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Current status and future prospects for carbon forestry in Australia

Mitchell, C.D., Harper, R.J.ORCID: 0000-0003-0268-2917 and Keenan, R.J. (2012) Current status and future prospects for carbon forestry in Australia. Australian Forestry, 75 (3). pp. 200-2012.

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Carbon forestry is part of a suite of land-based activities that can be used to mitigate carbon emissions, and also provide a range of other environmental co-benefits. Components are included in the Carbon Credits (Carbon Farming Initiative) Act 2011. There is large divergence in Australian estimates of the areas of land that may be used for carbon forests and there has been a vigorous public debate about carbon forestry, partly based on concerns about displacement of food-producing land. We identify four distinct afforestation or reforestation (AR) activities that involve carbon mitigation and suggest a terminology based on these. These are (1) 'plantations' that also produce timber and wood products, (2) 'carbon-focused' sinks, (3) 'environmental' or natural resource management plantings and (4) 'bioenergy' plantings for use either as a feedstock for stationary energy production or transport fuels. After accounting for AR projects established for other purposes (e. g. timber and pulpwood), we estimate that the current area of carbon forests in Australia is 65 000 ha. Despite the national Renewable Energy (Electricity) Act 2000 and its 2010 amendments there are few extant biomass projects. How-ever this may change with the development of new technologies and the imposition of a carbon price on electricity production. The reasons for the gulf between actual and potential carbon AR activity are proposed to include (1) the absence of a formal carbon compliance scheme, (2) challenges in managing carbon through an entire product cycle, (3) the degree of understanding of carbon forestry by financiers, (4) landholder preference, (5) technical barriers and (6) regulatory uncertainty. We suggest an extension of the National Plantation Inventory from traditional plantations to carbon forestry, so that future policy can be developed on the basis of good-quality under-pinning information that can be disaggregated to analyse trends in AR for different purposes. To encourage innovation in the sector, we also suggest either the extension or establishment of research and development funding arrangements, similar to those already existing for other rural industries.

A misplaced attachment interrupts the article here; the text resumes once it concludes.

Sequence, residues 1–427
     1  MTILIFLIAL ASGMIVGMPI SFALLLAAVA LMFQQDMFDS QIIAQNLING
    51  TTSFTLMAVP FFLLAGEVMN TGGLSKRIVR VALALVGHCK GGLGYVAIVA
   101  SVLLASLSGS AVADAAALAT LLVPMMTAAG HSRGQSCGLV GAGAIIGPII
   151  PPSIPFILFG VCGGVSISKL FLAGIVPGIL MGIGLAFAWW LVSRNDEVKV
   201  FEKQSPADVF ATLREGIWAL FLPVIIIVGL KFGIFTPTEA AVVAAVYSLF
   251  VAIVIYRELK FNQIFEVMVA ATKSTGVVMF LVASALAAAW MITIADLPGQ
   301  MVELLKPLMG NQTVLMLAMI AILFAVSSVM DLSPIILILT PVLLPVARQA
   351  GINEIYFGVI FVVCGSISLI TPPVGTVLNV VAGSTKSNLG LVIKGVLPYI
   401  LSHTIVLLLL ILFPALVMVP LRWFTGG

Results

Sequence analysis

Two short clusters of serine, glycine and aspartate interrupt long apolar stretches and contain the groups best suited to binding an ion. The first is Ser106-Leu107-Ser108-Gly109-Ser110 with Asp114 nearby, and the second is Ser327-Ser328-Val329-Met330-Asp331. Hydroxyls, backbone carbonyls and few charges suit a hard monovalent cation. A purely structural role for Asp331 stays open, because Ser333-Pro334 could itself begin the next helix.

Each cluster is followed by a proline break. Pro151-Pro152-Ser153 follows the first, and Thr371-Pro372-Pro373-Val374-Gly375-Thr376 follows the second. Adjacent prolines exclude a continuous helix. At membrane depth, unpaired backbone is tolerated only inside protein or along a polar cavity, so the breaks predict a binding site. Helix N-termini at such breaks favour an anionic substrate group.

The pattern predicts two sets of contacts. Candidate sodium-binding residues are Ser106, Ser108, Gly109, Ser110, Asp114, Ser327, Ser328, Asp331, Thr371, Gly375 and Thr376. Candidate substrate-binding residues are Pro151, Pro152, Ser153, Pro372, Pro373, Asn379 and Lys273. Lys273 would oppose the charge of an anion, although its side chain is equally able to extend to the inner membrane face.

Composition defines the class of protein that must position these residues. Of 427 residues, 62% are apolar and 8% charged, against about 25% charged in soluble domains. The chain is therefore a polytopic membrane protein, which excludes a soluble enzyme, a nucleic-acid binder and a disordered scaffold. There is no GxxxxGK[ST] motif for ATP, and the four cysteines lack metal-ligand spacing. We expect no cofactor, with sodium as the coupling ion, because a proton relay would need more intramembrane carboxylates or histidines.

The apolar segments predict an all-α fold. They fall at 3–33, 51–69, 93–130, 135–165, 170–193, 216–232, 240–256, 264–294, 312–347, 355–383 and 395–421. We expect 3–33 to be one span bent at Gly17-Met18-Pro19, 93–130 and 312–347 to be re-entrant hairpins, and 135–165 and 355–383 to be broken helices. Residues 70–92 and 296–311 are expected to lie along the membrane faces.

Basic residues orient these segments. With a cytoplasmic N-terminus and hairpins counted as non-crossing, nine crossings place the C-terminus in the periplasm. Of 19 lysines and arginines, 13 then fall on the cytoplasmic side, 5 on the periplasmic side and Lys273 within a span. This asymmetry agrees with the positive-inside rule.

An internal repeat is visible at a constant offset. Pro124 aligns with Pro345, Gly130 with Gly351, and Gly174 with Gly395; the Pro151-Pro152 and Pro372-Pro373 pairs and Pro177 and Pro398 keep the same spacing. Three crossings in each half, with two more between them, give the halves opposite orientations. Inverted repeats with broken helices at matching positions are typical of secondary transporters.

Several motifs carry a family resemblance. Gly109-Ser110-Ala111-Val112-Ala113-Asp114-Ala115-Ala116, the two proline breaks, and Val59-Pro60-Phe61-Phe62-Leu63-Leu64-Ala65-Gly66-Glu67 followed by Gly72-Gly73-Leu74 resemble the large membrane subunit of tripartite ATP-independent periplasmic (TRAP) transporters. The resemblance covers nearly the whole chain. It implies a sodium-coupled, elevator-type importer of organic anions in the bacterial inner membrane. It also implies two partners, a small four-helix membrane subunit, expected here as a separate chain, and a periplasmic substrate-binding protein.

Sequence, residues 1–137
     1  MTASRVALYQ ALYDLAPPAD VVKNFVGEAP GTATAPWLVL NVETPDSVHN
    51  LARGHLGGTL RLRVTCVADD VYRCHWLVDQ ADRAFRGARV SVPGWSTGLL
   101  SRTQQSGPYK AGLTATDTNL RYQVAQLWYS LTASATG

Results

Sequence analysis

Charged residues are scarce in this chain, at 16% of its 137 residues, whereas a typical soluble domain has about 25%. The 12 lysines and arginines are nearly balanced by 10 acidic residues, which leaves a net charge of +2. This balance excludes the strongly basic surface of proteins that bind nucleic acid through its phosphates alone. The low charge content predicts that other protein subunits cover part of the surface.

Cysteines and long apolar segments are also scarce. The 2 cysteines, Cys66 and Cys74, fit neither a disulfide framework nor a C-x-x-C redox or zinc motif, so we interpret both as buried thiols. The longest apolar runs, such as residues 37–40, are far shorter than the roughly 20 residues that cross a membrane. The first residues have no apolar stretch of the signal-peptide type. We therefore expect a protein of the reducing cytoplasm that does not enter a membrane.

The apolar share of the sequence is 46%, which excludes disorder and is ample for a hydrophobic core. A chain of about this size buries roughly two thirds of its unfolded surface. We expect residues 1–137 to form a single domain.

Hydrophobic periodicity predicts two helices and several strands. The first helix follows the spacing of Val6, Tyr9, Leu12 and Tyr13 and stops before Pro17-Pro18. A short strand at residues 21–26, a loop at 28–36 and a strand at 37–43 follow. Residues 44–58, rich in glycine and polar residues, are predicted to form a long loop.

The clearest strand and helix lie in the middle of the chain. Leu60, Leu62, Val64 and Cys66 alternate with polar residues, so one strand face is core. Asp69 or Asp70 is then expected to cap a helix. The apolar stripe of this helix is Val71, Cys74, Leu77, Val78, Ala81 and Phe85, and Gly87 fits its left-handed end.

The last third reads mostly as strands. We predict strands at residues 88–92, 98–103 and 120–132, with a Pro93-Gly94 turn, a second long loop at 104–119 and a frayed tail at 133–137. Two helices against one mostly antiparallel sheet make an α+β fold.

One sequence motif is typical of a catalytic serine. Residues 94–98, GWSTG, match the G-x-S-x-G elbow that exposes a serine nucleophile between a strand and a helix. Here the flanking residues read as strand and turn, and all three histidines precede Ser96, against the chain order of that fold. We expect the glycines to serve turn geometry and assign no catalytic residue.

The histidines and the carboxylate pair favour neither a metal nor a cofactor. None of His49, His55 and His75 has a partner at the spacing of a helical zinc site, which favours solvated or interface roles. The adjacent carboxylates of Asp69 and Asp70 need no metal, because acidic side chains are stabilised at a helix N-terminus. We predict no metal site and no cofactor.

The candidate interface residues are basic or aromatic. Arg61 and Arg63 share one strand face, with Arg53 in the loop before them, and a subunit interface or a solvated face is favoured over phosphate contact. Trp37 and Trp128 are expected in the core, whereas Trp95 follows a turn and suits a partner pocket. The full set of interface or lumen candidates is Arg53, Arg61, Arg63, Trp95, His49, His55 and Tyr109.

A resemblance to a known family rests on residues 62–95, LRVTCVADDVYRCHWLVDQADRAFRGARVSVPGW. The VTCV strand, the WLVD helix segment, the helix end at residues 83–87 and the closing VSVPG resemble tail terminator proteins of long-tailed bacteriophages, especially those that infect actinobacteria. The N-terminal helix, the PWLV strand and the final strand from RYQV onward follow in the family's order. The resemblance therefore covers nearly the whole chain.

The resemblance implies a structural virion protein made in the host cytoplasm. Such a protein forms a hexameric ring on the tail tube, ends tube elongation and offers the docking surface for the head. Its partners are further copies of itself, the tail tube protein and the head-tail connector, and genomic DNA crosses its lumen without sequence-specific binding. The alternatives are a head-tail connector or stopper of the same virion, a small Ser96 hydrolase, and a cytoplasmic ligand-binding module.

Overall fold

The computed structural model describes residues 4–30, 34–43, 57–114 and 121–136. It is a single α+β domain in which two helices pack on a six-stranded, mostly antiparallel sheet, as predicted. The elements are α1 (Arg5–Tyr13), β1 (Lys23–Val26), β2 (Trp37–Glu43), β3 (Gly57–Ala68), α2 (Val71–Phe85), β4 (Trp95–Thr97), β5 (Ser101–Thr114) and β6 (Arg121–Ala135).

Item Type: Journal Article
Murdoch Affiliation(s): School of Environmental Science
Publisher: Institute of Foresters of Australia Inc.
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